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Employment status: Court of Appeal decides self-employed plumbers are workers

Submitted By Firm: Addleshaw Goddard

Contact(s): Michael Leftley, Sarah Harrop


Amanda Steadman

Date Published: 5/9/2017

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Following recent Tribunal decisions that self-employed minicab drivers and bicycle couriers had worker status, the Court of Appeal has decided that self-employed plumbers were workers and also employees under the extended definition of employment in the Equality Act 2010.  This means that the plumbers acquire various employment rights such as the right to the national minimum wage, paid holiday, rest breaks and pension contributions, as well as whistleblowing and discrimination protections (Pimlico Plumbers Ltd and anor v Smith CA).

Background law

Worker status

The test for whether someone is a "worker" is set out in section 230(3) of the Employment Rights Act 1996 (ERA 1996) (and, for working time purposes, in regulation 2(1) of the Working Time Regulations).  There are three parts to the test, all of which must be satisfied to achieve worker status:

  • There must be a contract.
  • The contract must require the individual to perform work personally for another party.  This will usually involve consideration of whether the employee has a right to send a substitute to perform the work in his or her place.
  • The status of the other party (i.e. the putative employer) is not that of a client or customer of any profession or business undertaking operated by the individual.  This is a factual question and involves looking at a range of factors to determine the nature of the relationship between the company and the individual.  If the relationship is akin to an employment relationship, for example, with the company exerting control over the individual and the individual being integrated into the company's business, then it is more likely that the individual will be a worker.

Employment status under the Equality Act 2010

Individuals will also be viewed as employees for the purposes of the Equality Act 2010 (EqA 2010) where they are employed under a contract of employment or a "contract personally to do work".  A "contract personally to do work" includes workers.  This is wider definition of employment than that contained in the ERA 1996 (which confers employment rights such as the right not to be unfairly dismissed).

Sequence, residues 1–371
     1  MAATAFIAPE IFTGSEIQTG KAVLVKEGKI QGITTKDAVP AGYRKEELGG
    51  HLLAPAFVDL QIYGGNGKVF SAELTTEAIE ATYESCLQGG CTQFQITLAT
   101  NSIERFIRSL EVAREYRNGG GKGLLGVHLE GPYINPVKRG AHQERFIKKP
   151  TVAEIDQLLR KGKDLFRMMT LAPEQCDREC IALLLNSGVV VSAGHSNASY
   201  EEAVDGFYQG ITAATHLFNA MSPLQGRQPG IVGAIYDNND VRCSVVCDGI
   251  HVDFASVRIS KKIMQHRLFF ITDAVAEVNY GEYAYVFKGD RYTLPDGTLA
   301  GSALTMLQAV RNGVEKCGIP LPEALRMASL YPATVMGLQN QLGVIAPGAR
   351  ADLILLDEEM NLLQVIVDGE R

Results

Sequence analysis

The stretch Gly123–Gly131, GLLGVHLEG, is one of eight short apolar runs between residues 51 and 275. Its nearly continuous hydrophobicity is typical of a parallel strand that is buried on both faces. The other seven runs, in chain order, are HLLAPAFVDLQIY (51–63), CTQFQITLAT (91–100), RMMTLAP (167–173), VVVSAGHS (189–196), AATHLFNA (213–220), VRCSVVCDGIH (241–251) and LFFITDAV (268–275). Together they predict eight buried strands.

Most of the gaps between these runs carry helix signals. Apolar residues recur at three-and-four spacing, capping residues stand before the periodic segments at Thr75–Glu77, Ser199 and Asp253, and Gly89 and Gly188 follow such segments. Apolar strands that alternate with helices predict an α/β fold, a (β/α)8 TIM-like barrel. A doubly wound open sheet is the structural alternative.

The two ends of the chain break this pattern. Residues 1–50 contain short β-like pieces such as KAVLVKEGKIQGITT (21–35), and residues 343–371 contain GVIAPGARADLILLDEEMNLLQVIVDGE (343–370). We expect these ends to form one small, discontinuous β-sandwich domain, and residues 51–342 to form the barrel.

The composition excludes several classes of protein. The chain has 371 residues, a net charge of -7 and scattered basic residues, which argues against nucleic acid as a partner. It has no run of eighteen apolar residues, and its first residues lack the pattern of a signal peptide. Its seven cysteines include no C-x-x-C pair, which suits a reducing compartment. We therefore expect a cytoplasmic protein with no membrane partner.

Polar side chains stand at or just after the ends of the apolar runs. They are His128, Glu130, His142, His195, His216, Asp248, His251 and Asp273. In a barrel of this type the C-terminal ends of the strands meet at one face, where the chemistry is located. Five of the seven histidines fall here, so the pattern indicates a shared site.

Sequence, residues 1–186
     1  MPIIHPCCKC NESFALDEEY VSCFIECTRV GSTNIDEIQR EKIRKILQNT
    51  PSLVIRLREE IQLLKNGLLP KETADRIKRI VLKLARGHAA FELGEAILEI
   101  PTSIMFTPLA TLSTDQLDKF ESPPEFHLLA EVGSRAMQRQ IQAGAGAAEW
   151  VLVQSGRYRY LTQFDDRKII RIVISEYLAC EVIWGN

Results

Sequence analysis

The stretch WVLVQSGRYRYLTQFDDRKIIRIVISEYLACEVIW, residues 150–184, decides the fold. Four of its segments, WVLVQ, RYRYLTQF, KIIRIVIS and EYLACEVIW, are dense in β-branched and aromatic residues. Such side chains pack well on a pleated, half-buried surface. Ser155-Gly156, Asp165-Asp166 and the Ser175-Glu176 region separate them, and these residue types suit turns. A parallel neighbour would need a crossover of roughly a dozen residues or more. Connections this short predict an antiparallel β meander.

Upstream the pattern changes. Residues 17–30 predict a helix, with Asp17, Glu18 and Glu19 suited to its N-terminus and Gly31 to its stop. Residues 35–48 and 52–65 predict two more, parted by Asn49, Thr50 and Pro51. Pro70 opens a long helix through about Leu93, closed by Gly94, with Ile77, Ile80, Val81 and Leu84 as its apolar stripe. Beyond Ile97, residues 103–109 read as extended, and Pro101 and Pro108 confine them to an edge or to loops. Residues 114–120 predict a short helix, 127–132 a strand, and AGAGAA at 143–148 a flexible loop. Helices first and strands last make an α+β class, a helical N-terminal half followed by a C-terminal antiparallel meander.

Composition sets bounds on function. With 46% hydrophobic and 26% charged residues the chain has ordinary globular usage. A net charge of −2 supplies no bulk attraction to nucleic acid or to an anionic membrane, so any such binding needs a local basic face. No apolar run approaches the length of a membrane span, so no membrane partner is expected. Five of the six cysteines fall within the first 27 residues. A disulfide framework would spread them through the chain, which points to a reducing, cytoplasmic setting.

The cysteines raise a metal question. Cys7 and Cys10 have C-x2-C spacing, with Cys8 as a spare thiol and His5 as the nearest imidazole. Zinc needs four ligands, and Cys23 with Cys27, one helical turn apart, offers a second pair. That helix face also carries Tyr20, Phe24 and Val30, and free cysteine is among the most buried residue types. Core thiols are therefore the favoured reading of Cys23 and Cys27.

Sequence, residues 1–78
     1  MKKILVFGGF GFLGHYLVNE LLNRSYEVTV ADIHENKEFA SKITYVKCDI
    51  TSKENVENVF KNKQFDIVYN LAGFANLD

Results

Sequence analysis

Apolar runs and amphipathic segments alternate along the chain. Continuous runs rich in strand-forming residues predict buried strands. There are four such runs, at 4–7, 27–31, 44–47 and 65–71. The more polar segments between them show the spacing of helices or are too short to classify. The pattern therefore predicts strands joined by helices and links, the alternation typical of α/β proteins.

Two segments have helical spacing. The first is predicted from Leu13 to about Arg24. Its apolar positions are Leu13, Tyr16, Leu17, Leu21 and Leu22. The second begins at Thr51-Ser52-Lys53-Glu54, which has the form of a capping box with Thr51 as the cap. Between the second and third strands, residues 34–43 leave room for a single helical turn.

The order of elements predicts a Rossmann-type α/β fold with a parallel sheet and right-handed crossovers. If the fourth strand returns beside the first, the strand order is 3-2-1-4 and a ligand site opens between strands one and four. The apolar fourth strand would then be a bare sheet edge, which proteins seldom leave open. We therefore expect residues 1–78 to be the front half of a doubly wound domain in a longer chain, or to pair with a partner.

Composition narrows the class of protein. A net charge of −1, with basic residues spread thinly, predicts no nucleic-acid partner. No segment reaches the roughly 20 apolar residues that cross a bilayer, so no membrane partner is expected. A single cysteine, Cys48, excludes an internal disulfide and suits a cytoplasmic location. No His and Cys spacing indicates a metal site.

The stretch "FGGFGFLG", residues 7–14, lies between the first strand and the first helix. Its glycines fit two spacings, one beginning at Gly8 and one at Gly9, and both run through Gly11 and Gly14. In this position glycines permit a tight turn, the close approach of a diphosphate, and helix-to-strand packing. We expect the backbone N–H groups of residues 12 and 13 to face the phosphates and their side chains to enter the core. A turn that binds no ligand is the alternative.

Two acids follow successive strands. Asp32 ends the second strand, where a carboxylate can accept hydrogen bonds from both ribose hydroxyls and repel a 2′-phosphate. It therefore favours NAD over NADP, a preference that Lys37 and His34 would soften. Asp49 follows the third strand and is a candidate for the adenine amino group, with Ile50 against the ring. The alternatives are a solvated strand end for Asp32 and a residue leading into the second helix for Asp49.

The Claimant was a plumber engaged by Pimlico Plumbers (PP).  During his engagement, the Claimant worked solely for PP.  After his engagement was terminated, the Claimant brought various Employment Tribunal claims which depended upon him being an employee for the purposes of the ERA 1996.  At a pre-hearing review the Judge held that the Claimant was not an employee under the ERA 1996 definition and, therefore, the related claims could not proceed.

However, the Claimant had brought other Tribunal claims which depended on him being a worker, rather than an employee (i.e. a claim for unpaid holiday and a claim for unlawful deductions from wages).  In addition, he had brought discrimination claims which depended on him being an employee under the extended definition of employee contained in the EqA 2010.

In 2012, the Tribunal held that the Claimant was both a worker under the ERA 1996 and an employee under the EqA 2010.  On the question of personal service, the Tribunal found that the main purpose of the contract was for the Claimant to provide work personally for PP for a minimum number of hours per week.  Although the contract included a substitution clause, it was not unfettered since the Claimant could only substitute other PP plumbers in his place.

On the question of whether PP was a client or customer of the Claimant's business, the Tribunal weighed up a range of factors.   On one hand, PP set rules around the wearing of a uniform and appearance, booking holidays, standards of behaviour and performance and the Claimant was obliged to rent a PP van for work.  Further, PP imposed onerous post-termination restrictive covenants including one which said he could not work as a plumber in London for a period of 3 months post-termination.

On the other hand, the Claimant provided his own tools and bore a significant proportion of the financial risk (e.g. if a customer didn’t pay then the Claimant would not get paid and he had to procure his own liability insurance).  Ultimately, the Tribunal concluded that PP could not be considered to be a client or customer of the Claimant.

The Tribunal's decision was upheld by the EAT and PP appealed to the Court of Appeal.